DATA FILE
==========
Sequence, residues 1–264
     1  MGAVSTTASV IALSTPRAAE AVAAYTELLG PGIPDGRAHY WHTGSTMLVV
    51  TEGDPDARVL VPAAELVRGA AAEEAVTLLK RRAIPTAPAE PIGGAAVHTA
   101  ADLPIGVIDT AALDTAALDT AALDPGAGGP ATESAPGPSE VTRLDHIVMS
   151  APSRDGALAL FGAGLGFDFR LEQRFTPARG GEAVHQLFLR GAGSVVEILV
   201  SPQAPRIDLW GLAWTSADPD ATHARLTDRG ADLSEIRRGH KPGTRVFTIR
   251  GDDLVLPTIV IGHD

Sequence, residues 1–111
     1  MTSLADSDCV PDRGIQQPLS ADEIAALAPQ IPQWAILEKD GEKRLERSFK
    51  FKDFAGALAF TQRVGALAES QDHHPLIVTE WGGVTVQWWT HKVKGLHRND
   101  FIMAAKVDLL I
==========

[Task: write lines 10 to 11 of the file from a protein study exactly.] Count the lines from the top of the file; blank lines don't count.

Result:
    51  FKDFAGALAF TQRVGALAES QDHHPLIVTE WGGVTVQWWT HKVKGLHRND
   101  FIMAAKVDLL I